As reported earlier, Twitter tagged two of Donald Trump’s tweets on Tuesday with a fact-checking note indicating that his statements were misleading. Angered over the notes, Trump later accused Twitter of attempting to influence the upcoming 2020 presidential election.
“We have a different policy than Twitter on this,” Zuckerberg told Perino when asked about Twitter’s decision to fact-check Trump.
“I just believe strongly that Facebook shouldn’t be the arbiter of truth of everything that people say online,” he said. “I think in general, private companies probably shouldn’t be — especially these platform companies — shouldn’t be in the position of doing that.”
A preview of Zuckerberg’s interview was published Wednesday and is scheduled to air in full on Thursday.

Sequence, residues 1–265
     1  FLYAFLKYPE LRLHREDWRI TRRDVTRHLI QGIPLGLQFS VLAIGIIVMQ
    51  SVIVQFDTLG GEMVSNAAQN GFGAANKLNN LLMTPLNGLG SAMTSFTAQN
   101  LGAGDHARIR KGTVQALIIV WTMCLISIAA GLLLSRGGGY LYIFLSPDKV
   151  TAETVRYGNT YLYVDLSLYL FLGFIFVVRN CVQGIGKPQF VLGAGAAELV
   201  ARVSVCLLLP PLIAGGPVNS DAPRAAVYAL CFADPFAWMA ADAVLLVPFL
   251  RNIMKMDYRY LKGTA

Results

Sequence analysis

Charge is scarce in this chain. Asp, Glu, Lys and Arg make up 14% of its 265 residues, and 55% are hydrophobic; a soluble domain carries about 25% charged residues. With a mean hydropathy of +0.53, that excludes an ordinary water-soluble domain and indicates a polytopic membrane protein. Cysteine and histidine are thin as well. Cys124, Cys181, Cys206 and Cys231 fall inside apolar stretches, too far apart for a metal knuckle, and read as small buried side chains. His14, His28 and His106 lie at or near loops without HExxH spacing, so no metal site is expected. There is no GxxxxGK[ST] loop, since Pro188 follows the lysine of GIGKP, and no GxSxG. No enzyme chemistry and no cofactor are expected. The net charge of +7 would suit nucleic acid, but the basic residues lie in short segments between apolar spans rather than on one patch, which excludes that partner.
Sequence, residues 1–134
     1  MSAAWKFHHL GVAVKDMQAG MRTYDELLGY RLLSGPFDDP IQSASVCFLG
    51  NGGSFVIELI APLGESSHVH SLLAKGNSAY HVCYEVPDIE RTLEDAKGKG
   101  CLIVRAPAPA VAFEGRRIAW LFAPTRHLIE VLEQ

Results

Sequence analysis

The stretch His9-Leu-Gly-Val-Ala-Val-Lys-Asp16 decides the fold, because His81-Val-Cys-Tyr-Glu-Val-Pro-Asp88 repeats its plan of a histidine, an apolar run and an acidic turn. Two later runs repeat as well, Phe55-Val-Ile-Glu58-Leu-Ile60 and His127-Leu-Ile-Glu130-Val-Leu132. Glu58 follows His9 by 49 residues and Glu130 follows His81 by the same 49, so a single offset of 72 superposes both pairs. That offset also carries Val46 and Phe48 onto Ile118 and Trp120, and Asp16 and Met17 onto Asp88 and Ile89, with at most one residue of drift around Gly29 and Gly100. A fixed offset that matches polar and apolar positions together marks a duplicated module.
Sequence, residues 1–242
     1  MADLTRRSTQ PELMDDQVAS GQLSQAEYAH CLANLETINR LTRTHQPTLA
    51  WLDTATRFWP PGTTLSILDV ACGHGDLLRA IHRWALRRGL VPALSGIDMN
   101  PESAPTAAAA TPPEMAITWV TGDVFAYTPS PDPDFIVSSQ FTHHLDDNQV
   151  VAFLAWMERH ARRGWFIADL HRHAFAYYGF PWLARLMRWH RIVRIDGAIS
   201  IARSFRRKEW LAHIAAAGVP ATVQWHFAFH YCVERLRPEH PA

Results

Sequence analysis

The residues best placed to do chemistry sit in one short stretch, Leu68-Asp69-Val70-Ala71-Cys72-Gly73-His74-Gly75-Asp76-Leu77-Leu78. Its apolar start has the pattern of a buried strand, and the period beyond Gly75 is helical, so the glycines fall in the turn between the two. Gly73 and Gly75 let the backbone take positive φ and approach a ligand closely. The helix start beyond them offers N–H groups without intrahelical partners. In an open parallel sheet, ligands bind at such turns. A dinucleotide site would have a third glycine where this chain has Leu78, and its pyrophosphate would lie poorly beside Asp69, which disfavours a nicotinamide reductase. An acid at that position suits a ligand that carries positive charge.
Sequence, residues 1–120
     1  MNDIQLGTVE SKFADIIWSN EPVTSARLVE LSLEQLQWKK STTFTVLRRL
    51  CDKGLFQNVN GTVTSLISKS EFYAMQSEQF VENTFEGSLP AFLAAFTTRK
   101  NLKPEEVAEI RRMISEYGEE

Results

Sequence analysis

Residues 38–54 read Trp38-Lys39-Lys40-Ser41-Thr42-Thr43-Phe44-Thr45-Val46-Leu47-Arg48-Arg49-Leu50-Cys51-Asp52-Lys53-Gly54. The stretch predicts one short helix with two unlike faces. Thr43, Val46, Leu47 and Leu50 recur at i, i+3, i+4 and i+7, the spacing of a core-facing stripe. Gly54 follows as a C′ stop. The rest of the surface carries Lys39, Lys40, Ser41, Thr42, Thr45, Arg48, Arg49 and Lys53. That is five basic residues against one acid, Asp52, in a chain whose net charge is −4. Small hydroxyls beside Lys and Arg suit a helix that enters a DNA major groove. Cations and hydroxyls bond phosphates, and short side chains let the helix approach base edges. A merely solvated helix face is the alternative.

Trump’s tweets warned, without evidence, of “substantially fraudulent” voting in states that plan to use mail-in ballots this November.
Twitter added this note to Trump’s tweets:
“Trump falsely claimed that mail-in ballots would lead to ‘a Rigged Election.’ However, fact-checkers say there is no evidence that mail-in ballots are linked to voter fraud.”
Ideally, Social Media is a really powerful medium through which individuals’ thoughts and actions can be shaped, so disseminating false information could lead to negative reactions from the public. At the same time, Social Media platforms cannot continue to “baby” it’s users who should know how to research before letting any information influence their thoughts and actions.